Fostering Scholarly Approaches to Peer Review of Teaching in a Research-Intensive University

Fostering Scholarly Approaches to Peer Review of Teaching in a Research-Intensive University

Harry Hubball (University of British Columbia, Canada), Anthony Clarke (University of British Columbia, Canada) and Daniel D. Pratt (University of British Columbia, Canada)
Copyright: © 2013 |Pages: 21
DOI: 10.4018/978-1-4666-3661-3.ch012

Abstract

This chapter examines a recently launched institutional initiative around scholarly approaches to summative and formative peer-review of teaching within and across the disciplines at the University of British Columbia (UBC), Canada. The peer-review of teaching initiative, led by a team of UBC national teaching fellows, was fuelled by institutional concerns about the quality of student learning experiences and the effectiveness of teaching in a multi-disciplinary research-intensive university context. Canadian universities have long recognized the importance of attending to the evaluation of teaching practices in their particular context; however, the enactment of localized scholarship directed at these practices remains very much in its infancy. Traditional approaches to the evaluation of university teaching have often resulted in the over-reliance on student evaluation of teaching data and/or ad-hoc peer-review of teaching practices with numerous accounts of methodological shortcomings that tend to yield less useful (and less authentic) data. Issues addressed in this chapter include contemporary approaches to the evaluation of teaching in higher education, faculty “buy-in” and the evaluation of teaching in a research-intensive university, scholarly approaches to summative and formative Performance Reviews of Teaching (PRT), faculty-specific engagement in summative and formative (informal to formal) PRT training and implementation, and strategic institutional supports (funding, expertise, mentoring, technological resources).
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Introduction

Historically, inadequate means of evaluating teaching have undermined the consideration of teaching in tenure, promotion, and re-appointment cases within research-intensive universities (Arai et al, 2007; Elen, Lindblom-Ylänne, & Clement, 2007; Hammersley-Fletcher & Orsmond, 2004; Shulman, 2011). For the most part, this has been due to the lack of rigour, authenticity, and credibility in peer reviews of teaching. Peer Reviews of Teaching (PRT) for high-stakes decisions (e.g., consideration for tenure and promotion) face a number of challenges (Chism, 2007; Harris, Farrell, Bell, Devlin, & James, 2008; Hubball & Clarke, 2011; Seldin & Associates, 2006), including:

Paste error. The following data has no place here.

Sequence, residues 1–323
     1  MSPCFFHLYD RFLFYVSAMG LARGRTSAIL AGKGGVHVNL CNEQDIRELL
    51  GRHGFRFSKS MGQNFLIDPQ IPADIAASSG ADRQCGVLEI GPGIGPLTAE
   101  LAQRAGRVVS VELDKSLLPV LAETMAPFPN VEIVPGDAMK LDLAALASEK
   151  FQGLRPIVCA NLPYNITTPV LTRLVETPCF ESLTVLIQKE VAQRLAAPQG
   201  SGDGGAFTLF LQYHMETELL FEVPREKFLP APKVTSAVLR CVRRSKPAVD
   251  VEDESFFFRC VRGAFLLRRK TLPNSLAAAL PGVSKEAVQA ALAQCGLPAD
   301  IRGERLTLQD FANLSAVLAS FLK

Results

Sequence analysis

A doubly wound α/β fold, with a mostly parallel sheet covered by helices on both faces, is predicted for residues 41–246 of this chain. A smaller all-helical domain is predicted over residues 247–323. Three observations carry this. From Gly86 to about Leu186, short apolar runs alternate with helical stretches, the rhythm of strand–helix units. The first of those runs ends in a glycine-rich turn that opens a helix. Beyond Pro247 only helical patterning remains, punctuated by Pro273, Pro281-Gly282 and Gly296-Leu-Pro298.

• Lack of systematically prepared and knowledgeable assessors.

  • Confusion about the relationship and distinction between formative and summative PRT.

  • Exclusive reliance on classroom observations by peers or student evaluations of teaching.

  • Methodological shortcomings that result in less less authentic and credible data.

  • Potential conflict of interest associated with peers acting as reviewers.

This chapter describes an institutional initiative intended to address many of these historical shortcomings through the development of scholarly, and therefore more credible, approaches to the PRT within and across the disciplines at the University of British Columbia (UBC), Canada.

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Context For Prt At The University Of British Columbia, Canada

As a research-intensive university, the University of British Columbia educates a student population of 50,000 and has over 250 graduate degree programs with 12 Faculties, 2 Colleges (Interdisciplinary Studies and Health Disciplines), and multiple Schools (see http://www.ubc.ca/). It is routinely ranked among the top 30 universities in world and among the top 3 in Canada (Times Higher Education World University Rankings, 2011). Therefore, if peer review of teaching is to be accepted for tenure and promotion decisions, it must be consistent with the standards of quality that are characteristic of scholarly work across the university. For this to happen, data from PRT must be rigorous and credible, ideally addressing all of the challenges above. However, while UBC has long recognized the importance of student evaluation of teaching, discipline-specific scholarly approaches to PRT remains very much in their infancy (Glassic, Huber, & Maefoff, 1997; Hubball & Clarke, 2010; Kanuka, 2011; University of British Columbia, 2009b).

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